From my Gartner Blog – BAS and Red Teams Will Kill The Pentest

With our research on testing security methods and Breach and Attack Simulation tools (BAS), we ended up with an interesting discussion about the role of the pentest. I think we can risk saying that pentesting, as it is today, will cease to exist (I’ll avoid the trap to say “pentesting is dead”, ok? :-)).Let me clarify things here before everyone starts to scream! Simple pentesting, for pure vulnerability finding goals and with no intent to replicate threat behavior, will vanish. This is different from the pentest that many people will prefer to call “red team exercises”, those very high quality exercises where you really try to replicate the approach and methods of real threats. That approach is in fact growing, and that growth is one of the factors that will kill the vanilla pentest.But to kill the pentest we need pressure from two sides. The red team is replacing the pentest from the high maturity side, but what about the low maturity side? Well, that’s where vulnerability assessments and BAS comes into play.If you look at how pentests are performed today, discounting the red team style of exercises, you’ll see that it’s not very different than a...
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From my Gartner Blog – The “working with an MSSP” Tome Is Here

As Anton just posted, the new version of the famous “How to Work With an MSSP to Improve Security” has just been published. I’m very happy to become a co-author (together with Anton and Mike Wonham) on this document, as it is usually one of our documents that I most frequently refer to clients during inquiry calls. After all, it’s very common to start a call about SIEM, UEBA, NTA or EDR and end it talking about MSS, after the client realizes that using those tools require people – a lot of people – on their side.Among lots of exciting new content (this is indeed a looooong document :-)), a new guidance framework for those looking for (and eventually hiring) an MSSP:You’ll notice that we added “joint content development” as part of the Operating phase. This is something we also added to the recently updated Use Cases document. After all, there’s no reason to believe the MSSP knows everything you want them to detect for you; so, how do you tell them that? If you hired an MSSP, do you know if you still have people on your side...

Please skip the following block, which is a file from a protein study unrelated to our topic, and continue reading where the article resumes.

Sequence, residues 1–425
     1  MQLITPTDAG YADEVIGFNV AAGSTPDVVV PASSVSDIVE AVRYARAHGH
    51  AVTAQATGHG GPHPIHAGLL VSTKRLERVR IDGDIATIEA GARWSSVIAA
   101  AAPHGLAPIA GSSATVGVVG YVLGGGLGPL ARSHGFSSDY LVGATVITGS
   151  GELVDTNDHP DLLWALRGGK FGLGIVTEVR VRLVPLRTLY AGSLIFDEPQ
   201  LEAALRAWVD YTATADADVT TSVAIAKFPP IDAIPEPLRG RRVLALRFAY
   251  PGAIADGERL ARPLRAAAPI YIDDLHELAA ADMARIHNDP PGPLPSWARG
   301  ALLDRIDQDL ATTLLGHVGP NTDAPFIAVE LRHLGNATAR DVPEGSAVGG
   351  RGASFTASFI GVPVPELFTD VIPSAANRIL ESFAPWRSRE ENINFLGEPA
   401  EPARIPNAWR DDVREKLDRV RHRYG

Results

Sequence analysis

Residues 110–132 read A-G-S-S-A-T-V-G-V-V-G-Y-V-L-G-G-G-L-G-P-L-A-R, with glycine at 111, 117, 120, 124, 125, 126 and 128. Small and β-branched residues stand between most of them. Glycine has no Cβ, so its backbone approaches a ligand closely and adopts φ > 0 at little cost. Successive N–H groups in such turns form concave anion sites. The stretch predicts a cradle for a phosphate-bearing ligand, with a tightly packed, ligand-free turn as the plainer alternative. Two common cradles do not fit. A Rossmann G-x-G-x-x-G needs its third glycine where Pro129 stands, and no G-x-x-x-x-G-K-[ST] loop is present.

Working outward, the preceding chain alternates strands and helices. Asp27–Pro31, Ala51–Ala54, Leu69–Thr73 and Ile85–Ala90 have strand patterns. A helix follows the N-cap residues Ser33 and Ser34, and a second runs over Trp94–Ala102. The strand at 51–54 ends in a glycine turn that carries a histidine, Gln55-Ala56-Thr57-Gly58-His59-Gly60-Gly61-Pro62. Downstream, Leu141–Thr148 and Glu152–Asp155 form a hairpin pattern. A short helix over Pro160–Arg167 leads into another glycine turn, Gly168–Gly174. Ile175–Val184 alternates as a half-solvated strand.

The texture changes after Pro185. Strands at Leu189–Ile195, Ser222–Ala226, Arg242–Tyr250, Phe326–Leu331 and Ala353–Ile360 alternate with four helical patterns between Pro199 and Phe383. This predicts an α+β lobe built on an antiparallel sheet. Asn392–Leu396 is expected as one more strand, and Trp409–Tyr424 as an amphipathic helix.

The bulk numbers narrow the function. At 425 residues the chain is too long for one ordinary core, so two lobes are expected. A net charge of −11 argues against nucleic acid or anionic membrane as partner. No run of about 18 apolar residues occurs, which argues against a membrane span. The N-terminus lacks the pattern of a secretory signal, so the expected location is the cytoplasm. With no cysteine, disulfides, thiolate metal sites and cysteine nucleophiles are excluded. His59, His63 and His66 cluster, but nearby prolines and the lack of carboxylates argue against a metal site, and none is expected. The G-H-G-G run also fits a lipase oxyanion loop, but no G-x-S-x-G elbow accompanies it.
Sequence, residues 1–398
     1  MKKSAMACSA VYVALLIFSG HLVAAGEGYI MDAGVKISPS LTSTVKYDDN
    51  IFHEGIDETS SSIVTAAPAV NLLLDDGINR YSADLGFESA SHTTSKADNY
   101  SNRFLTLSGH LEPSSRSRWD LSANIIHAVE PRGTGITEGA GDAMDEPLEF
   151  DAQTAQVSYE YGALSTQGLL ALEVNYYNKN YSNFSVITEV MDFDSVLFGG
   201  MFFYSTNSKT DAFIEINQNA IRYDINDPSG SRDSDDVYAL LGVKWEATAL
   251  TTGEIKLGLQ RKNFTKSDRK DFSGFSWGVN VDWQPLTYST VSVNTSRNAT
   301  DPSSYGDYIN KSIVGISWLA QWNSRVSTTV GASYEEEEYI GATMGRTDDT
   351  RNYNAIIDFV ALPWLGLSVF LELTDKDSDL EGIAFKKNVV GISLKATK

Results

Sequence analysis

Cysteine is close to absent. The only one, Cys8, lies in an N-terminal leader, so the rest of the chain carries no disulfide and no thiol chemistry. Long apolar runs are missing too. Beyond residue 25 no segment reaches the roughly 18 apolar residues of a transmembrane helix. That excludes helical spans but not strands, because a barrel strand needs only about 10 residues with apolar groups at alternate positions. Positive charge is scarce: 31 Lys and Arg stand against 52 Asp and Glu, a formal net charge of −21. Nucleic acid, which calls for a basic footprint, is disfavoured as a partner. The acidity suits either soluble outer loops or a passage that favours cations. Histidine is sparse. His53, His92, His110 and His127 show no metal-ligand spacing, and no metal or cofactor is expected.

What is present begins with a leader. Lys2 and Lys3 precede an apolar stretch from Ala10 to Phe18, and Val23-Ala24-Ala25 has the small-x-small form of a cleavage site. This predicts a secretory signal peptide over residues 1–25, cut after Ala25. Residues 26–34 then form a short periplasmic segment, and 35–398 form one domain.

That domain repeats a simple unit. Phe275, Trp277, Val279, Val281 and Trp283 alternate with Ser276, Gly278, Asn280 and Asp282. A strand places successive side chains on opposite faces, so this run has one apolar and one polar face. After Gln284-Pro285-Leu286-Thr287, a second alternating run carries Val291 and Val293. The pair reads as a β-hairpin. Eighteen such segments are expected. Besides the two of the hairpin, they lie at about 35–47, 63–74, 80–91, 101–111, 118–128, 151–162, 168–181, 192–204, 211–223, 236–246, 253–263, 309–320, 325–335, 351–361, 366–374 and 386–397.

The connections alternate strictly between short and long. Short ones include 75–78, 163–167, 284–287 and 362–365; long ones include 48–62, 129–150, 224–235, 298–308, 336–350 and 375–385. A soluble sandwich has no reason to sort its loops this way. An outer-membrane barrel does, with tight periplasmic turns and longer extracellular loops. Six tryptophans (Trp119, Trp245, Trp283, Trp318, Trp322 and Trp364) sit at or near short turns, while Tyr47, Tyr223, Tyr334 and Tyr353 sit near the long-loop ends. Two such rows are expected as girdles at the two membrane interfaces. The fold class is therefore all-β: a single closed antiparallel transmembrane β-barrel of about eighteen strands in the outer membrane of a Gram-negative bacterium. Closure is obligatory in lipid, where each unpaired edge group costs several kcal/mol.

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From my Gartner Blog – Security Monitoring Use Cases, the UPDATE!

Posting about updated documents is often boring, but this time I’m talking about my favorite Gartner document, as usual, co-authored with Anton: “How to Develop and Maintain Security Monitoring Use Cases”!This document described an approach to identity, prioritize, implement and manage security monitoring use cases. Of course, it has a lot on SIEM, as it’s usually the chosen tool for implementation of those use cases, but we revised to ensure we are also covering technologies such as UEBA, EDR and even SOAR. If we consider that detection can often be implemented as multi-stage process, that’s a natural evolution!The major changes are:Revamping the main graphic of the document to better illustrate how the process works (below)Putting more emphasis on some of the artifacts generated by the process, such as use case listsEvolving the language around about doing use case development as software development to say “doing it as AGILE software development”Reinforcing the types of use cases that are usually managed by this process: threat, controls and asset orientedIncluding tips for use case management when working with a MSSP (we are writing more about this in our upcoming MSSP doc, BTW)The summary diagram for the framework can be seen...
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From my Gartner Blog – Automation – Why Only Now?